Sunday, December 28, 2014

Jump, Jive, and Wail Cover Reveal!!!

I've been hard at work (which is why the blog has been suffering) on getting my fourth novel ready to go. Jump, Jive, and Wail is going to the editor this week, which means I can finally tell the world about it.

I was first inspired to write this story almost a year ago, while watching the Winter Olympics. I love watching the ski jumpers and thought that somehow, it would be cool to write a story about it. I happened to mention it to the lovely and talented Aven Ellis, and she encouraged me to go for it.

I had to do a lot of research for this book, which is something that I usually don't have the patience for. Since I knew nothing about ski jumping, I had to really look into it. One of the things I found out was that women were not allowed to compete in ski jumping before the Sochi Olympics in 2014. Women from several countries worked together and lobbied (and sued) to get Women's Ski Jumping allowed in. Staff from Women's Ski Jumping USA ( really helped me out, including the three-time US National Champion, Sarah Hendrickson.

Okay, enough about the background. Here's the blurb:
Kaitlin Reynolds is used to fearlessly flying off mountains. But nearly two years after a devastating injury has ended her ski jumping career, Kaitlin is still struggling to put one foot in front of the other and find her new life. A chance meeting with a handsome stranger begins to put life into perspective. Dashing figure skater, Declan McLoughlin has just returned from the Olympics amid a swirl of publicity and fan fare. Just as Kaitlin begins to have hope again, her charming savior turns out to represent everything she has lost. If Kaitlin can just let go of the past and take a leap of faith, will she find herself soaring into Declan's arms?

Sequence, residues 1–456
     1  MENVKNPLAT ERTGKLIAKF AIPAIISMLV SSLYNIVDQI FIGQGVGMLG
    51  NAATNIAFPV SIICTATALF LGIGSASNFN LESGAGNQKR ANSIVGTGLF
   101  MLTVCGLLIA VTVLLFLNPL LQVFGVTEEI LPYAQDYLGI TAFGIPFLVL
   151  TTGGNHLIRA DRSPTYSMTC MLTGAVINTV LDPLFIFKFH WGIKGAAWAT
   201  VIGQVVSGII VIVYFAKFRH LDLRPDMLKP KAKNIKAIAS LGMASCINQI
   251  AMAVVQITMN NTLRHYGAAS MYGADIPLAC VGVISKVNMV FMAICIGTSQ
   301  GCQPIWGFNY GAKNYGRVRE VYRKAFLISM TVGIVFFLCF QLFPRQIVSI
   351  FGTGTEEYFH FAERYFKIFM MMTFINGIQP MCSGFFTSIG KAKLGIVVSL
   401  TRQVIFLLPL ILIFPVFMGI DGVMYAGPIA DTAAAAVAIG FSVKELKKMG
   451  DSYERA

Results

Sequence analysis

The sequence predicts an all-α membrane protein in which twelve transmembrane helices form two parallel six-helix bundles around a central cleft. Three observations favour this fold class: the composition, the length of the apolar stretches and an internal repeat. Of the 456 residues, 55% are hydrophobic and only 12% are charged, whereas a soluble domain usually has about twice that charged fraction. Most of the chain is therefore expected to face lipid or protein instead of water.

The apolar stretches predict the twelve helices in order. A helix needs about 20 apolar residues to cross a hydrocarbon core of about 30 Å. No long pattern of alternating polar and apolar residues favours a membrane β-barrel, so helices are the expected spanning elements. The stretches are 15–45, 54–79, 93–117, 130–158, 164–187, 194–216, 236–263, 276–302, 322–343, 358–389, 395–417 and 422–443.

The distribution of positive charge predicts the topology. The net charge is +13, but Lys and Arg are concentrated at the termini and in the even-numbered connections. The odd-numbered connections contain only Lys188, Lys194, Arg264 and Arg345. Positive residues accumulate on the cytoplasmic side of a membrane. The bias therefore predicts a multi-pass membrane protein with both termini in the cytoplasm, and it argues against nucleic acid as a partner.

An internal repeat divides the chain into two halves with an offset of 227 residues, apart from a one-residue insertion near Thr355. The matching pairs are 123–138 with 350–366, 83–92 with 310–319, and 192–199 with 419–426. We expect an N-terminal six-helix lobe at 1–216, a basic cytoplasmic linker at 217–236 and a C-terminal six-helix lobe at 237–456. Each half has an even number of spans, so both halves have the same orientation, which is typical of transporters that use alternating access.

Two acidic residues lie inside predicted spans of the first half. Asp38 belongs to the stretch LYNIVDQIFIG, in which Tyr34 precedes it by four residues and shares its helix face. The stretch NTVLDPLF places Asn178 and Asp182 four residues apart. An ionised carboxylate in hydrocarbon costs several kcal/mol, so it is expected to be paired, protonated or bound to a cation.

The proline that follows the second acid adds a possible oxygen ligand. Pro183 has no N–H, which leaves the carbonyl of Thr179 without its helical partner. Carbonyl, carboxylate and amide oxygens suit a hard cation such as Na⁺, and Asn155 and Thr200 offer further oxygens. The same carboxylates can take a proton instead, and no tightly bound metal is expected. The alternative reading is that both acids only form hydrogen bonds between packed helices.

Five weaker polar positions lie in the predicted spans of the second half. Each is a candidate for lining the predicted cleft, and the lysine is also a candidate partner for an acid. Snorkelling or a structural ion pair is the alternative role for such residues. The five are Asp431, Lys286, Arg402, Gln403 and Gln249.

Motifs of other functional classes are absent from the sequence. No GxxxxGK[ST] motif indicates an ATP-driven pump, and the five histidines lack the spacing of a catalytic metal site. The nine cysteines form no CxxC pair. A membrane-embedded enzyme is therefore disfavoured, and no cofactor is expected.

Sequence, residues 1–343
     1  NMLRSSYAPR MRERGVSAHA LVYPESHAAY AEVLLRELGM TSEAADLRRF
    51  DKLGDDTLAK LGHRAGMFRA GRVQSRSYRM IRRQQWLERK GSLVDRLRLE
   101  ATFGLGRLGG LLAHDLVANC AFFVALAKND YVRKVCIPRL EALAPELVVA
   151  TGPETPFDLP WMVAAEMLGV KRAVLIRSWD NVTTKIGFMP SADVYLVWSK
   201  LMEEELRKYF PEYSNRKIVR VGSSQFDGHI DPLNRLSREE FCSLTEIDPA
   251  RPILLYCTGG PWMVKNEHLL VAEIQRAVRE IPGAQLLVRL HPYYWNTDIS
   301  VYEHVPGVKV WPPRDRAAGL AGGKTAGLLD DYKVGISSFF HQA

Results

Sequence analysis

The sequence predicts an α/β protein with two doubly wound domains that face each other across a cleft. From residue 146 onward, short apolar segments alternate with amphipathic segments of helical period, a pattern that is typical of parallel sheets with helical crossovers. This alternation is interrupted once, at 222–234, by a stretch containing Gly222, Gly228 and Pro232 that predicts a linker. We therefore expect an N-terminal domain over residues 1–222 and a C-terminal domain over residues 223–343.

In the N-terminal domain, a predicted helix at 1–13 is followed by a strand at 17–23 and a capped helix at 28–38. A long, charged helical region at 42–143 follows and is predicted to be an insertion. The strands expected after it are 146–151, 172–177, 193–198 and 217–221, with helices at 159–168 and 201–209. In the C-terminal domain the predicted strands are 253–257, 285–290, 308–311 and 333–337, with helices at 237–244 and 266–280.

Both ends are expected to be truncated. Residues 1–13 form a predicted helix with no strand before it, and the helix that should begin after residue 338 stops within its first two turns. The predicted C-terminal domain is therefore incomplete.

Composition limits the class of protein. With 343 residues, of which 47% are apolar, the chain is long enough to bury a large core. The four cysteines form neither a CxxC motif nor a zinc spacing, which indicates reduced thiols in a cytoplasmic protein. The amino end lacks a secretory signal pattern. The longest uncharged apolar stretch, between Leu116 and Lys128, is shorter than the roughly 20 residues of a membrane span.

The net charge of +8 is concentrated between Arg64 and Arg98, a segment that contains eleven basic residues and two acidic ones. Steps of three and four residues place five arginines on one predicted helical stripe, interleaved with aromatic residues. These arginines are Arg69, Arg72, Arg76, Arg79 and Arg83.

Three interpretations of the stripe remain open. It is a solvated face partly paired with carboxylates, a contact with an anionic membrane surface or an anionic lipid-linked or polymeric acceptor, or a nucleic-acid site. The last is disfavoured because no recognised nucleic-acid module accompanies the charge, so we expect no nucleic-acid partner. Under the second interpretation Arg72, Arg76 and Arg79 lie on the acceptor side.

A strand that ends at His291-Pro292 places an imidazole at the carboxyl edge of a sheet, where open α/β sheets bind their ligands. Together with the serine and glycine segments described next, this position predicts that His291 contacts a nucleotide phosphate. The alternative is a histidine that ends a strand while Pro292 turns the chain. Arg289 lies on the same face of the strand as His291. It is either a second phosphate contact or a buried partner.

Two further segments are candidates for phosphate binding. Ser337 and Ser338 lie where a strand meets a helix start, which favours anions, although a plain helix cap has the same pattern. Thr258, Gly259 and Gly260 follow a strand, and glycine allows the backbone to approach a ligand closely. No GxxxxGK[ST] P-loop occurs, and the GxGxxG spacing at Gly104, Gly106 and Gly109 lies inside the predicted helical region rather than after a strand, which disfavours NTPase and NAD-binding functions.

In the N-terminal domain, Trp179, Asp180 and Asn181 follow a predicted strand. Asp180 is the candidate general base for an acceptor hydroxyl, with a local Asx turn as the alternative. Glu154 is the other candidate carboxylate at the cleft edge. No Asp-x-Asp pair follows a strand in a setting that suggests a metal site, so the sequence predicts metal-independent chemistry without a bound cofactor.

And I know what you really want to see is the cover, so here it is!!!!!

Once again, my cover was designed by cover designer, author, and all around amazeballs lady, Becky Monson.

Jump, Jive, and Wail is now available for pre-order on Amazon!

(It will be available on Nook, Kobo, iBooks, and Smashwords, as well as in paperback as well).

I can't wait to release my newest book and can't wait to hear what you all think!

Tuesday, December 9, 2014

For Eric

Forgive me if you've heard this story before. I need to tell it again.

When I was in high school, I had a little bit of a hard time deciding what I wanted to be when I grew up. For a few minutes, I considered majoring in Communications. But I knew I wanted to be in the medical field. But the commitment to schooling and student loans that went along with medical school intimidated me. I was considering physical therapy and respiratory therapy.

Somewhere along this time, my next door neighbor was in a terrible car accident. He was thrown through the window of his truck and broke his neck. He was paralyzed. This was a hard thing to accept. He had been in my brother's class and I remember waiting at the bus stop with him.

As one can imagine, becoming paralyzed in your early 20's can be devastating. It certainly was for this young man. His step-mother, a nurse, used to give me my allergy shots, so we'd talk about things every week when I was over there. I knew that he was downstairs recovering, and I only went upstairs in the house. I didn't know whether to bring Eric up or not. I was a scared teenager and wasn't sure what to say in this sort of situation. One day, I asked how he was doing. His step-mother said, "He's had a really hard time. He didn't want to go on, but his physical therapist has been so great and gotten him moving again. She's taught him so much and I think she gave him his life back."

I left the house last night with the decision made. I wanted to be a physical therapist because I wanted to have that impact. I wanted to help people like Eric was helped.

And so a physical therapist I became. I've worked in rehab with people with spinal cord injuries, but I found my true calling in pediatrics. But still, it's all because of Eric.

A few years back, Eric's step-brother died. At the wake, I was able to tell him that story. I was also able to tell him, to his face, that every person I help through physical therapy, is a direct result of him. That he has helped those people. That made us both cry.

Tonight, I'm crying again, as I've learned of Eric's passing. He was too young to be paralyzed in his early 20's and too young to die in his early 40's.

Thank you for giving me direction. And for all the patients I've had in the last fifteen years, and will have in the next fifteen years, thank you. I hope that I can make a difference in their lives in your honor.

Rest in peace, Eric.